‘Signature serve’ has become an accepted term. It’s now so mainstream an expression that it features on the vast majority of brand websites we’ve looked at over the past six months. When did this happen? At what point did a suggestion for how to use a gin become a signature serve? and what’s it all about? Moreover, if it’s become conventional to talk about the ultimate way to serve a gin, are there entire areas that connoisseurs and barkeeps are forgetting about when judging a brand’s recommendations or creating their own?
After all, most forget it’s almost never just about flavour… Signature serves have long been part of marketing strategies. No booze brand intent on building an army of engaged consumers will have forgotten to look into how their spirit might be served. Whether they embrace the exact term or not, all brands will have spent time looking into recipes and cocktails that they could use to inspire others to drink their gin over someone else’s.
Signature serves come in many different forms, from twists on classics to entirely new, outlandishly complex propositions, but they are at their most elemental when encapsulated in a G&T. The Gin and Tonic is by far the most widespread serve people choose to use at home, so this is the area we are going to look into here, as the very best ‘signature G&Ts’ actually have a lot more behind them than meets the eye.
When seen from a brand’s perspective, a signature serve is a way of shining a spotlight on their USP, as well as a method to accentuate flavour. The suggestion might have a nod back to provenance, it might include a cornerstone botanical or it might just be about sharing a core ethos (for example Chase’s continuous push towards cross proliferating all things British). These USP’s and messages are in addition to a pairing’s ability to showcase the range of flavours within a gin that can be harnessed by partnering certain garnishes/tonics/ways of serving etc.…
We find signature serves at their most intriguing in this simple cocktail as they separate the clever from the well equipped. For example, a G&T is fundamentally only ever really three parts (and that’s being generous by counting the garnish as a core component). Sure, people get fancy with infusions and a splash of juice here and there, but when it comes to those dreaming up brand suggestions for which tonic/garnish combo to pair with their gin- it is understood that their suggestion has to have universal appeal and needs to work for the adventurous drinker as well as it does the occasional tippler.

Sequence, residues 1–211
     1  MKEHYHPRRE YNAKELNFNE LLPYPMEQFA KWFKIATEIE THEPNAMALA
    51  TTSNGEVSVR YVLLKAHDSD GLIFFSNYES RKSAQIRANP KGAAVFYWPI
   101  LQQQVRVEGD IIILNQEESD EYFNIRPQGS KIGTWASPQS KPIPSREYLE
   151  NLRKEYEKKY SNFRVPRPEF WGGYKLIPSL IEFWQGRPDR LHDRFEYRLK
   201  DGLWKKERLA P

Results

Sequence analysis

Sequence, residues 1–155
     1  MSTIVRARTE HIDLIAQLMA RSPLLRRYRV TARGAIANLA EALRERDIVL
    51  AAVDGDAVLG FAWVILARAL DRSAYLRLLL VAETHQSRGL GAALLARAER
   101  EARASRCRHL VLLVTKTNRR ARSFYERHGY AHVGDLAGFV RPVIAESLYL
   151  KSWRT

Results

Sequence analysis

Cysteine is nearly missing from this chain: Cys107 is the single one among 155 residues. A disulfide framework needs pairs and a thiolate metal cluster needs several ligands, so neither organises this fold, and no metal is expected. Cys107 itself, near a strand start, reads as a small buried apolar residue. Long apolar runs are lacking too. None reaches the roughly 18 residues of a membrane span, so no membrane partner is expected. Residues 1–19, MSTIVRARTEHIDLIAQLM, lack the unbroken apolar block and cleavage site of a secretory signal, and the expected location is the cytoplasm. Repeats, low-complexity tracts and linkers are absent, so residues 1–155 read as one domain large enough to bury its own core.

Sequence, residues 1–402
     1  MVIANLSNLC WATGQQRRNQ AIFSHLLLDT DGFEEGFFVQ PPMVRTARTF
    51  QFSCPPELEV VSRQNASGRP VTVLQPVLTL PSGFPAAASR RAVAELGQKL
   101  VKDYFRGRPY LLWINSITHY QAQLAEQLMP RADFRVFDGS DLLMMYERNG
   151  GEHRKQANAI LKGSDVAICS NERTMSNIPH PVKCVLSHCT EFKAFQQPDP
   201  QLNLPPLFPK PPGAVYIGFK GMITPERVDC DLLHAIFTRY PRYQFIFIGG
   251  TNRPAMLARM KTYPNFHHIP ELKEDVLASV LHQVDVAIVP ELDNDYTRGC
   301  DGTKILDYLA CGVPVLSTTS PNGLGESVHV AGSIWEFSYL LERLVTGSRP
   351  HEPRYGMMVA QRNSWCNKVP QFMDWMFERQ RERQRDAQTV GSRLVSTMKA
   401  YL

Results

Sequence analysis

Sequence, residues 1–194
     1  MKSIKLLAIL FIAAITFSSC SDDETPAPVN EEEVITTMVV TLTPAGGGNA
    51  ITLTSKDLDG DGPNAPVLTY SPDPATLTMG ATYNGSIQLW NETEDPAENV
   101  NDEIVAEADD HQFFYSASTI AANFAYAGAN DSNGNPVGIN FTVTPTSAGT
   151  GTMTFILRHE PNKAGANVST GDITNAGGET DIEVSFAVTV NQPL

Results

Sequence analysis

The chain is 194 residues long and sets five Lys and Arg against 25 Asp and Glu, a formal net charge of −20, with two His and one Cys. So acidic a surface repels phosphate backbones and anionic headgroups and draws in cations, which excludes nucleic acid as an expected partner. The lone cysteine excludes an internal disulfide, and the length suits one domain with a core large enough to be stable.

Message, flavour profile, aesthetic and overall impact all have to be wrangled into a compelling proposition whilst only using what are quite basic tools to do so. It’s the ultimate challenge and the equivalent to fashionistas taking an haute couture concept all the way down to the Primark shopping floor. Too complicated and no one buys in, too simple and there’s not enough impact for people to feel inspired and want to try it out.
We understand the stance many makers take that it is frustrating – after months or even years toiling away on a recipe – to suggest mixing it with something that will entirely change that finely balanced mix, but we’re, personally, big fans of signature serves and have a lot of time for the ingenuity brands show when they suggest a way to partner their spirits. It’s naïve to think that saying “just serve it neat” or “don’t add a garnish because it’s perfect” is as effective as suggesting a combo.
It’s not that most gins need a garnish in a G&T; many don’t, but by adding one you tilt the serve towards one direction or another and for many that’s a joy in itself. Suggesting how to do this is like someone suggesting how to wear a garment of clothing. Sure, you can dress yourself, but if someone hints at the end vision of how something could be when combined or placed in context, the sense of style and the ethos behind a brand becomes clearer. This is no different for gin (and equally as important).
So, what’s the holy grail of G&T signature serves and why? In our opinion, you’d be hard pressed to look past Hendrick’s with Fever-Tree and a slice of cucumber as a perfect example. It’s certainly the best known, and possibly the most simple, but its in this incredible simplicity that a great deal of factors reside.
Two of Hendrick’s core USP’s are their ‘unusual’ brand stance and their addition of cucumber and rose. Picking a cucumber as a garnish was (at the time) highly unusual, so much so that it was years before even a minority of bars would consider stocking it. We estimate that it took around seven or eight years before the majority of bars that carried the spirit got on board with the garnish, but that in itself wasn’t without merit.